It is every trader’s dream to limit their downside. One of the popular methods they use to achieve this is hedging, a common practice in financial markets of offsetting potential losses by buying and selling uncorrelated products.
Interestingly, the concept of hedging dates back several centuries, though its principles remain the same today. This practice is prevalent in forex with various strategies, which this article will explore further.
What is hedging?
Hedging refers to the practice of simultaneously buying and selling identical or different pairs as a way to offset risk. So, instead of a trader committing all their allocated capital into one market, they split it up two or three times across various instruments to reduce their downside.
In some cases, the end result once they’ve closed all the positions could be no loss or even profit. For a simple example, let’s imagine a trader wanted to take a long position on USD/JPY. To limit their downside, they may consider a sell trade on the same pair.
If the market went against their buy order and their stop loss was 50 pips, the sell order could at least cancel the first order if they closed both at the same time. It is not every situation where a trader plans a hedge.
They may consider this practice for a trade that’s already against them, although this method does drastically limit the usefulness of hedging in the first place.
Only traders in the United States are not allowed to hedge their positions because of the ban the Commodity Futures Trading Commission placed in 2009.
Most common hedging strategies in forex
There are several different hedging strategies traders employ, all with various levels of complexity. Generally, one should only hedge to decrease the size of a loss. There could be scenarios where one can end up with a profit, though this does not always happen.
We will explore some of the pros and cons of hedging later.
One-pair or direct hedge
This type of strategy involves offsetting positions directly on the same pair. Usually, the net outcome of this hedge should be zero because the loss/profit of the first position will offset or cancel out the profit/loss of the second order.
For example, let’s assume one opened a short position on EUR/USD worth one lot. A direct hedge would be the trader simultaneously executing a long position in the same market also valued at one lot.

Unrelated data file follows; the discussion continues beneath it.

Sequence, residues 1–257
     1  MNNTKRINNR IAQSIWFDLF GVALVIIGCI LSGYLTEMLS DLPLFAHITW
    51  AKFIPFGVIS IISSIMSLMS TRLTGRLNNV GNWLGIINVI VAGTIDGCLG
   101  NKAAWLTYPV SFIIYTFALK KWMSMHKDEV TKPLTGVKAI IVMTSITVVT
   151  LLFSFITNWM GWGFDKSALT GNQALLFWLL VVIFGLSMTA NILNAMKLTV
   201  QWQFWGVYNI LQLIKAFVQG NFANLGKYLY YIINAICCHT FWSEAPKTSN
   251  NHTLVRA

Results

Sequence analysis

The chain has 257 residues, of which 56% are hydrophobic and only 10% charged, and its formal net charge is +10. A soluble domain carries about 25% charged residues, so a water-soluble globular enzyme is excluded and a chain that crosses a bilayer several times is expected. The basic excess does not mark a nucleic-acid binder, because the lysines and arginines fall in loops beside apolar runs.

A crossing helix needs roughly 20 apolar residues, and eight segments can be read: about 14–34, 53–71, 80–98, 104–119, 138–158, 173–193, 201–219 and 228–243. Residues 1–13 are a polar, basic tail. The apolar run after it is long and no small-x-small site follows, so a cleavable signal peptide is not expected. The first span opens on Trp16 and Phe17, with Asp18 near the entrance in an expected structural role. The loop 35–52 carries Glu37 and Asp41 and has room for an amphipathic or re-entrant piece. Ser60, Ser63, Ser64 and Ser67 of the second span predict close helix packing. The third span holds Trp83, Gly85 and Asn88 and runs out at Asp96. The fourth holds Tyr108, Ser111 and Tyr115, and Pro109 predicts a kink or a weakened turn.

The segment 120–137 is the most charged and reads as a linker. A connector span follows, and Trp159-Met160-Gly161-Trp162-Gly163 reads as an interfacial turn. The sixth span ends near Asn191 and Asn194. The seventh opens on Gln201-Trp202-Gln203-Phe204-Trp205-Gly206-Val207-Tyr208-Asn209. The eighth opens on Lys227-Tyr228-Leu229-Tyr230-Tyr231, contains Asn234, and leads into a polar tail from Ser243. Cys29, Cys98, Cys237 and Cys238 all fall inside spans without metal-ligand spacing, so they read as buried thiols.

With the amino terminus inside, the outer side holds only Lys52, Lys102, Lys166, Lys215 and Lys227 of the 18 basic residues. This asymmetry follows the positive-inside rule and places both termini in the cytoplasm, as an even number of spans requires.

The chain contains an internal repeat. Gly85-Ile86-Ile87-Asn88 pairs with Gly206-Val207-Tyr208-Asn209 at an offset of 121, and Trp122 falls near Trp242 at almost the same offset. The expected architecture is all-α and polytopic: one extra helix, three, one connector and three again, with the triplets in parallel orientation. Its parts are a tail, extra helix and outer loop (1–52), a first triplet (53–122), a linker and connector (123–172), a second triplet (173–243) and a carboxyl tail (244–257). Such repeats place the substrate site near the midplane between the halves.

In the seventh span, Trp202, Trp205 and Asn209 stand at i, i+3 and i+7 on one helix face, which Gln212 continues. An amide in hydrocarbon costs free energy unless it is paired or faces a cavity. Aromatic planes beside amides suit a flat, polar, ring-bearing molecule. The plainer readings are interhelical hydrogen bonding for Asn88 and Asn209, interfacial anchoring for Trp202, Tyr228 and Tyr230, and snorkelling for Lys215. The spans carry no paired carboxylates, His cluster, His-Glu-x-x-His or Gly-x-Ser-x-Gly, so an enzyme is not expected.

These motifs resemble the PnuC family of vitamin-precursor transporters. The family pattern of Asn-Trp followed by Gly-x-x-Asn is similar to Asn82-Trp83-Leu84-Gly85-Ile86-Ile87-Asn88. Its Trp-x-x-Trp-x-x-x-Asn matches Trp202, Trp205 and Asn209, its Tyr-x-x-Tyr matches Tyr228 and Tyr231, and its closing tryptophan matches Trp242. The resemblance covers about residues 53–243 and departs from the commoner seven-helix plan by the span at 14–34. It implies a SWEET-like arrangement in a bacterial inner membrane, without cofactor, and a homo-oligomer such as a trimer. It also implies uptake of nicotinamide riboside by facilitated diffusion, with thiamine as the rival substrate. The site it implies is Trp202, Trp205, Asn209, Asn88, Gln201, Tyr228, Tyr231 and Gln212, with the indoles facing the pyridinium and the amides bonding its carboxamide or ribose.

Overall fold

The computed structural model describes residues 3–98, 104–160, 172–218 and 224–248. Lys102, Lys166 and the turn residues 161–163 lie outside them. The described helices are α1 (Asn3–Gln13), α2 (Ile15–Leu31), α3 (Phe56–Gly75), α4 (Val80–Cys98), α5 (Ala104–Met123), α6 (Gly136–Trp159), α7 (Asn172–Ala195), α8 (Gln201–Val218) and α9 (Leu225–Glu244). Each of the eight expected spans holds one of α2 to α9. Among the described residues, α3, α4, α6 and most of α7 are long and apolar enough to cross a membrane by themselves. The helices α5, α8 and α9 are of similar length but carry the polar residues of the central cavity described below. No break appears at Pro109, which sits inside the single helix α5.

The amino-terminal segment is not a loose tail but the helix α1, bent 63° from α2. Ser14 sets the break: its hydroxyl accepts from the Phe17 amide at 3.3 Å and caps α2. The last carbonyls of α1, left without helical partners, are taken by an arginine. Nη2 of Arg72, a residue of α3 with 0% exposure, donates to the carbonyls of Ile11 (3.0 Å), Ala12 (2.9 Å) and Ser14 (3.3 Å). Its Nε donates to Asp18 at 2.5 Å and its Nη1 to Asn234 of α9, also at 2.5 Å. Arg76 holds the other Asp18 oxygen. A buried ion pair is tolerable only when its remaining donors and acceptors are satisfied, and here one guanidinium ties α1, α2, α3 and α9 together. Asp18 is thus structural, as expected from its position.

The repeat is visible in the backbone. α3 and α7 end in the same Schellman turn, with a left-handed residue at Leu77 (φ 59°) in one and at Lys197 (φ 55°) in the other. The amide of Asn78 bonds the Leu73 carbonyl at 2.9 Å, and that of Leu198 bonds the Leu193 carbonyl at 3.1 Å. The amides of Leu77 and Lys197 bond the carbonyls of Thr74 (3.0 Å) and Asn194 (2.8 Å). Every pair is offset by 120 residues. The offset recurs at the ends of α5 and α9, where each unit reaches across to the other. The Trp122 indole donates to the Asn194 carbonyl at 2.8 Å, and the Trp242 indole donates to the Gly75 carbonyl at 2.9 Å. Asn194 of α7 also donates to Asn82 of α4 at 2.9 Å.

If they were only going to have one position with a 40 pip stop loss, the second order should also have the same stop loss. There are usually going to be two possible scenarios with this trade.
If the price went against their buy order, this would leave them exiting the market with a -40 pip loss while keeping the sell order open that now has a running profit of 40 pips.
The opposite is true. If the price went against their sell order, it results in a -40 pip loss with the opposite position in running profits of the same number of pips. The tricky part with hedging overall is the trader has a few options with the current profit.
If they decided to close the latter trade, the net result is zero. Should they instead choose to let it run, they would have to move the stop loss of the running position to their entry or at ‘breakeven.’
This is a risk management action affording the power to not lose above the 40 pips while also providing the possibility of netting more than the running profits.
So, ultimately, this direct hedge could see the trader get more than 40 pips off the order that was left open, or the price could retrace back to their entry, resulting in a 40 pip loss overall.
Multiple currencies hedge
This strategy will use two different pairs strongly correlating with each other. Going back to the previous EUR/USD example, a trader may open a short position on the euro and a long position on GBP/USD.
Their decision to choose the latter could be because it’s a more liquid and fast-moving market than the former. If the euro order was negative, the cable trade should offset this loss to some extent and vice versa.
The main challenge with this hedging technique is, although both of these pairs generally move in the same direction, the correlation may not be positive all the time. So, the trader must be careful not to take a double loss because both markets could go against them within a short period.
Of course, there are variations of these strategies, but most operate on the same principles.
Does hedging work in forex?
When done correctly, hedging can limit a trader’s losses because it widens their exposure. However, not all traders use this strategy for a few reasons. While hedging can typically decrease the downside, conversely, it does also diminish the upside as well.
Therefore, there is a trade-off between reducing losses and reducing profits. For instance, if a trader commits to losing $100 without hedging, this is naturally the maximum they stand to lose.
Let’s assume their reward here is 1:5, equalling $500. With a hedge, they would probably have to split the $100 in two by putting $50 for each market. In most cases, they should at least have a ‘zero trade’ because of the canceling between the two orders.
However, if they alternatively stuck with the original unhedged trade, they could stand to gain $500, which is much better than inhibiting a loss. Therefore, the decision for one to use hedging depends on their priorities between lessening losses or taking them with the hope of hitting a nice winner.
Also, some hedging strategies may be a little too complex to implement; another reason why some traders just stick with one position at a time because it’s simpler.
Someone using hedging is risk-conscious and doesn’t desire to stick with only one trade outcome. However, while the approach does make sense, the biggest disadvantage is it can severely lower the profit potential in the long run.
Thus, anyone employing hedging must strike a balance between lowering their downside while also not capping their upside greatly.